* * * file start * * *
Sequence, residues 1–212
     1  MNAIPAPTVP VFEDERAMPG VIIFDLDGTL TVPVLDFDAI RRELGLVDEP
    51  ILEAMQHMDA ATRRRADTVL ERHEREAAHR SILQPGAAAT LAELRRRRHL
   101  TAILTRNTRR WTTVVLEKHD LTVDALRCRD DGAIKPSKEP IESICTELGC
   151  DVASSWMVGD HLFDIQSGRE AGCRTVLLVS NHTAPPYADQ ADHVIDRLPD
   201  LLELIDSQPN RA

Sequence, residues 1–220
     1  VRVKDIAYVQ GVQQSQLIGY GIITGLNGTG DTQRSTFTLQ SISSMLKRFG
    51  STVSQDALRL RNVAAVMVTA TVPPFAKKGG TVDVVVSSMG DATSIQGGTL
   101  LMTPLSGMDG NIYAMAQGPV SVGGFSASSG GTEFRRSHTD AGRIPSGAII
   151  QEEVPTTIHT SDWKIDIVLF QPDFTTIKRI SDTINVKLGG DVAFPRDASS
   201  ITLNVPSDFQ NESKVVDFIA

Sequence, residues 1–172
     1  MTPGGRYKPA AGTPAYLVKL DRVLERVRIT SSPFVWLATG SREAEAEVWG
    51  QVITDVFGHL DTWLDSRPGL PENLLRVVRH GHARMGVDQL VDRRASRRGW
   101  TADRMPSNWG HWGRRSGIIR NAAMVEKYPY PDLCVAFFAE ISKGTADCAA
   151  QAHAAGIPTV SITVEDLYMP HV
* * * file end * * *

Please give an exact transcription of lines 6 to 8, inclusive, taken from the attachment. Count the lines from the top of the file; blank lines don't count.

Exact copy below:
   201  LLELIDSQPN RA

Sequence, residues 1–220
     1  VRVKDIAYVQ GVQQSQLIGY GIITGLNGTG DTQRSTFTLQ SISSMLKRFG